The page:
49 new coronavirus cases reported as clusters keep growing

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49 new coronavirus cases reported as clusters keep growing

The cafeteria of the government complex in central Seoul is shut on Friday after one of its visitors tested positive for the new coronavirus. [YONHAP]

The cafeteria of the government complex in central Seoul is shut on Friday after one of its visitors tested positive for the new coronavirus. [YONHAP]

Korea's virus fight continues with a steady rise in new cases and untraceable infections, along with a spike in imported cases.
Health authorities warned of another possible wave of infections.
The country added 49 new cases on Friday, including 32 local infections, raising the total caseload to 12,306, according to the Korea Centers for Disease Control and Prevention (KCDC).
The number of new daily Covid-19 cases marks a slight slowdown from a three-week high of 59 a day earlier.
Of the locally transmitted cases, 26 were reported in the densely populated Seoul and nearby metropolitan areas, where around half of the country's 50-million population lives.
The Seoul metropolitan area accounted for most of the newly added virus cases this month.
The country has also seen an uptick in the number of infections outside of the capital region as well as in imported cases.
Six cases were reported in Daejeon, stoking concerns that community spread may further accelerate outside the greater Seoul area.
The country reported 17 additional imported cases, raising the total number of such cases to 1,396. Of the newly identified cases, 11 were found at airport screening checkpoints.
"It is worrisome that cluster infections have been reported outside Seoul, and we will speed up the testing of potential cases and contact tracing to stem further spread," Son Young-rae, an official with the Central Disaster and Safety Countermeasure Headquarters, said in a daily briefing.
In early May, the country eased its strict social distancing due to the flattened virus curve. The number of new daily cases peaked in late February at more than 900.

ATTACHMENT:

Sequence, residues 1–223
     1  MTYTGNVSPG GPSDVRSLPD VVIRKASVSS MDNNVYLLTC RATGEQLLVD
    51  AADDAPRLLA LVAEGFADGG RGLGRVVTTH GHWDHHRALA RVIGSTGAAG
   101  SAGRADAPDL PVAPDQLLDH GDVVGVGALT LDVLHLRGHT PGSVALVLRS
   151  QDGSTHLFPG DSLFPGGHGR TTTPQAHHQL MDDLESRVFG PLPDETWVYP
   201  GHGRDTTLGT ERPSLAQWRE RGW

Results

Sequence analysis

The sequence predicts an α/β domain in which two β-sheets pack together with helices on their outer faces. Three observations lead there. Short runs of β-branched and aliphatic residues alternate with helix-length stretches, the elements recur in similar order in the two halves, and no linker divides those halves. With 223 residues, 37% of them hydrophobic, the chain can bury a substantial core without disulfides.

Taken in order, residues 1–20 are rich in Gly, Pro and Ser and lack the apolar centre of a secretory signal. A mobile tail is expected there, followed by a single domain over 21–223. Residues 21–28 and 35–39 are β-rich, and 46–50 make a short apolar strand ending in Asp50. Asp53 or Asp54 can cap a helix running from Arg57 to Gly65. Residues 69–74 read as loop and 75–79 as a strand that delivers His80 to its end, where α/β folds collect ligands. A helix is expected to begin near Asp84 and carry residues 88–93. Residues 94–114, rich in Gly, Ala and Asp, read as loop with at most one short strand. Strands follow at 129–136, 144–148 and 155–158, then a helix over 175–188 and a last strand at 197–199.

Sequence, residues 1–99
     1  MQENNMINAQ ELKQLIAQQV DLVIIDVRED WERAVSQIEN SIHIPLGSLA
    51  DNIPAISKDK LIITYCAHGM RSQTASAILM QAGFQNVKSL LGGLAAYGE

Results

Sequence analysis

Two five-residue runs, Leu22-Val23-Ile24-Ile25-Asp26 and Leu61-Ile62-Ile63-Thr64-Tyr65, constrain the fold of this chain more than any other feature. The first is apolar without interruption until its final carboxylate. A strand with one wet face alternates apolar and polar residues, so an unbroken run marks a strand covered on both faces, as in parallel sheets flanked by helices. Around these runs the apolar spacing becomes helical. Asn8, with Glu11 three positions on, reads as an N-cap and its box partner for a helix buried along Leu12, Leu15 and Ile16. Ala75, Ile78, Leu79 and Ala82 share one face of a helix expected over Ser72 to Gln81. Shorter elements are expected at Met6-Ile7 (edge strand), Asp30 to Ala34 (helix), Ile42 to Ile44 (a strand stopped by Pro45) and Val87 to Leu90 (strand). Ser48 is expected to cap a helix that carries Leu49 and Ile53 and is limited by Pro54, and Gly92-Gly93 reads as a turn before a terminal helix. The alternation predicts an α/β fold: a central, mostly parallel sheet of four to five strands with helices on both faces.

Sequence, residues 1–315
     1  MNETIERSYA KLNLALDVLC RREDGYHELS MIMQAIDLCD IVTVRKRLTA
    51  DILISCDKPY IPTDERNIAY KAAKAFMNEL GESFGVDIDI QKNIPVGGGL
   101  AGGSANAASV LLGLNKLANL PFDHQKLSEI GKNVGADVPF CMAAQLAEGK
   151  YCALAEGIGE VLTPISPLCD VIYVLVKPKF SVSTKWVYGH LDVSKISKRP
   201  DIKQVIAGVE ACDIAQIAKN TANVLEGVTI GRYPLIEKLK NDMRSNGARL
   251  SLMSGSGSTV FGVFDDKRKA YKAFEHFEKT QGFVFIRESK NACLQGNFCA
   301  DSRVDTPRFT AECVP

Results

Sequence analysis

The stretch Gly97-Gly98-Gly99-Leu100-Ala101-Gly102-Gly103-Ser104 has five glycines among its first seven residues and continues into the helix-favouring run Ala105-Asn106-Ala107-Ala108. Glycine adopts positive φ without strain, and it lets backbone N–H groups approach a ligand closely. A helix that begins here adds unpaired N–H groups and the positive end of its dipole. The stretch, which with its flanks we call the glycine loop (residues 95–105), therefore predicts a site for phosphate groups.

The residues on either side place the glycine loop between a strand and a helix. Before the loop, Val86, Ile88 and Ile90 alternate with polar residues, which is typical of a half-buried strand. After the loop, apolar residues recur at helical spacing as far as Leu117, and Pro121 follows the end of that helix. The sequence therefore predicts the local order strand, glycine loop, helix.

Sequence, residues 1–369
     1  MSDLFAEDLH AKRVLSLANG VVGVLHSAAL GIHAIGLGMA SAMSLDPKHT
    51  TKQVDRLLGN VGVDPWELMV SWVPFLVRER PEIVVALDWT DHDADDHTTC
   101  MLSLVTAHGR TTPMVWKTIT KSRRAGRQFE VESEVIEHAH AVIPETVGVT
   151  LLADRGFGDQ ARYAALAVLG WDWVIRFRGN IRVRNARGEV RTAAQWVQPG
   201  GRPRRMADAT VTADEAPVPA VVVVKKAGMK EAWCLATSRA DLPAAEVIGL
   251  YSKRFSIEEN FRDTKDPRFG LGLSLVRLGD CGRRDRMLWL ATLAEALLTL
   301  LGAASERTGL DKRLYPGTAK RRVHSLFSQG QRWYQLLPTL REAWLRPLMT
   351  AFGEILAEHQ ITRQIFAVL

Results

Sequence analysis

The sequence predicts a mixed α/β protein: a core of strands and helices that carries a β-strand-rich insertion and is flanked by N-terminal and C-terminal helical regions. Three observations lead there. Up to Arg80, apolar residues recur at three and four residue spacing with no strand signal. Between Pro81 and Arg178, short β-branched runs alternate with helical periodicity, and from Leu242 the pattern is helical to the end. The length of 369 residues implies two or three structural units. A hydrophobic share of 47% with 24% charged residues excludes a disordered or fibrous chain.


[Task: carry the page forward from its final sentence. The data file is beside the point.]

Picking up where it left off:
But a series of sporadic cluster infections in the Seoul area soon emerged. Cases tied to a church and a door-to-door retailer in Daejeon reached 25 as of Thursday, up 10 from the previous day, according to the KCDC.
Infections in the greater Seoul area also showed no clear signs of a slowdown.
Cases traced to the door-to-door retailer reached 180 as of Thursday. Patients linked to small churches in the Seoul area came to 119.
A mechanic who visited a government complex in central Seoul last week also tested positive for the virus a day earlier, forcing the building to shut down its cafeteria. Two staff members who had contact with the patient, however, tested negative.
There were no additional deaths Friday, keeping the total death toll at 280.
The fatality rate came to 2.27 percent, but 25.65 percent for people aged 80 and above.
Health authorities said it is worrying that Korea has been experiencing a hike in older new patients.
Patients aged 50 and above accounted for a whopping 55 percent of new infections in the first two weeks of June, marking a drastic rise from only 12 percent posted a month earlier.
The total number of people released from quarantine after full recoveries stood at 10,835 Friday, up 35 from the previous day.